The Government of Antigua and Barbuda has released the official document outlining the agreement for the controversial Chinese funded Antigua and Barbuda Agricultural Technology Cooperation Project. You know, the one that caused the uproar with the local farming community because the leaked draft agreement indicated that 4,000 acres of land was to be allocated to the project. The one that saw the Minister of Agriculture, Dean Jonas, get so worked up that he condescendingly referred to the concerned farmers as “the so-called farming community,” a description that he later walked back. The same one that Prime Minister Browne said “did not indicate anything about farming 4,000 acres of land,” when he signed it in late 2017. You remember now?
Well, according to the ‘final’ agreement, that was officially released by the Government, “Antigua and Barbuda will apply an incremental approach towards expanding crop farming through transfer and adaptation of shared Chinese Agricultural Production techniques utilising privately owned, crown and lease land, starting with approximately 1,000 acres of land, increasing to at least 2,000 acres of land in Antigua and 2,000 acres of land on the island of Barbuda in consultation with the Barbuda Council.” Please note, the document released by the Ministry has no signatures and no date. Is that how agreements are done between nations? In the real world, there needs to be dates for a contract to be enforceable. At least that is what we have been taught.
Hmmm. This is a hard one to figure out so we brought in some highly qualified math experts. Their conclusion? Two plus two equals four! We suspected as much but we didn’t want to have anyone accuse us of any creative math. So, now that the math is completed and everyone is satisfied with its accuracy, it would appear that “THE PROJECT,” as it is referred to in the document, will eventually have 2,000 acres of land in Antigua and 2,000 acres of land in Barbuda allocated to it. A total of 4,000 acres! Sure sounds a lot like the 4,000 acres that set this whole debate into motion, so can someone please explain?
To get an understanding of what 4,000 acres of farmland in Antigua and Barbuda is all about, we will refer you back to the Government’s press release, which states, “… in Antigua and Barbuda, approximately 1,000 acres of land are under agricultural production with an estimated 100 acres being farmed under public sector initiatives and the rest under private sector production.” So, the thought is to quintuple the productive farmland in Antigua and Barbuda. As we stated in our previous piece on this matter, this is a laudable effort on the surface, but the devil is in the details.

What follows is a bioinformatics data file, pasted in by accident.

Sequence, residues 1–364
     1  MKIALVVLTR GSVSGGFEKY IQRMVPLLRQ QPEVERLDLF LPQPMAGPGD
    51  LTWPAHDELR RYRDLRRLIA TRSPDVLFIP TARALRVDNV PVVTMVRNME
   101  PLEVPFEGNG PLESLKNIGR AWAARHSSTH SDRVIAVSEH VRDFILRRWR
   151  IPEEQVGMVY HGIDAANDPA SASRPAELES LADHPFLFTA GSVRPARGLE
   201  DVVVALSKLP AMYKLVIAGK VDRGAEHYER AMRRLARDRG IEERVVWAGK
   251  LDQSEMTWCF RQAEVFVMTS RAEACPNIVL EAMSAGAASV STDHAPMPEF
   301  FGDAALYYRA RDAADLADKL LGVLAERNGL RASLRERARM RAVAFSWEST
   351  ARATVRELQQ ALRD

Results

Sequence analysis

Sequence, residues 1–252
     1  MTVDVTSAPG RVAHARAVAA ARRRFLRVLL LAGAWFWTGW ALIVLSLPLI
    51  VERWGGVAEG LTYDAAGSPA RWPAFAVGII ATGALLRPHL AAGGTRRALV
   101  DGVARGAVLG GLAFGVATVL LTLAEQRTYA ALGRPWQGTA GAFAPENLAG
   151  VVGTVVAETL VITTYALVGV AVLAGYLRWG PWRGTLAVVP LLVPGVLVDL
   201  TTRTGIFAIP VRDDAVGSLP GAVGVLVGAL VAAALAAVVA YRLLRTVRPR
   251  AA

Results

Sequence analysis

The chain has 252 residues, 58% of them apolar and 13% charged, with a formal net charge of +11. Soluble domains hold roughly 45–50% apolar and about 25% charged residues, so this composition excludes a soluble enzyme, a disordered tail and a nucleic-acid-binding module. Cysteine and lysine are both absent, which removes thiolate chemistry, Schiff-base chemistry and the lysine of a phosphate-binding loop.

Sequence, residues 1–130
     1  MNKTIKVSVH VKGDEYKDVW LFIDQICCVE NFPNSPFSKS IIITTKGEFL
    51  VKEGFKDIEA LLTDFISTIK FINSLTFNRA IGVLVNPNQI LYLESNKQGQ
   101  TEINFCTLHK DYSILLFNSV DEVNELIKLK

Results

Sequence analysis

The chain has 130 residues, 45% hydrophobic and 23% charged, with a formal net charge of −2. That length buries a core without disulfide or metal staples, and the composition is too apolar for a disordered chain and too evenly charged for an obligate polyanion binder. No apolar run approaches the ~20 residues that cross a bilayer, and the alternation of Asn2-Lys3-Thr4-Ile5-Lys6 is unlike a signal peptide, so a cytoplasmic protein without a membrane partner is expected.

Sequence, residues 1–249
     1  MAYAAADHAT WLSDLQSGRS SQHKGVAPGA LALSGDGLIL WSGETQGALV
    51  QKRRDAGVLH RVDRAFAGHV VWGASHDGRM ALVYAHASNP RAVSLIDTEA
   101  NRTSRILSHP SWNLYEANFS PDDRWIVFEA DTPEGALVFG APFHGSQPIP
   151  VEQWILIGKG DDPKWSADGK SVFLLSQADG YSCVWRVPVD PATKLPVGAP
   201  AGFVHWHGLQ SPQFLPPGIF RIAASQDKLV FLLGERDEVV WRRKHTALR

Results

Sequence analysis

No one can rant against the push toward greater food self-sufficiency. We live in a volatile world, and any country that can produce all or the majority of its food is in a better position than another that does not. We will happily champion this cause, but we prefer to see it in the context of a master plan. How does this project fit into the Ministry of Agriculture’s master plan for greater food security?
Three years to establish 4,000 acres of productive farmland and several greenhouses seem aggressive and remind us of another ‘mega-farm’ that may be on the horizon. We, of course, refer to the state-supported Antigua Development Coin (ADC), which sought to raise US$100 million to do, among other things, a mega-farm. The now suspended ADC was introduced via a letter, on official Government letterhead, from the then Minister of Agriculture Arthur Nibbs, so we presume that it must also be part of the Ministry’s master plan. Two mega-farms in Antigua and Barbuda? That is impressive, but we worry about the sustainability issues considering that farms need water – lots and lots of water! (By the way, the Chinese farms dwarf the ADC, self described “mega-farm” by a factor of 50!)
Already we hear farmers moaning and groaning about water supply and affordability; however, in the case of the Chinese project, it appears that the water supply is the responsibility of the Government. Which leads us to ask: has APUA been consulted on this mega-farm project? We sure hope so because a 2,000-acre farm in Barbuda might strain the supply. Heck, two mega-farms in Antigua will probably strain the water supply as well.
Minister Jonas said that he is confident the release of the official agreement will finally put all concerns to rest, but that is not the case. Questions remain and more concerns have been raised. This is why it is so important for Governments to be transparent from Day One. Consult with the stakeholder and the people because, ultimately, it is the shortest route to success.
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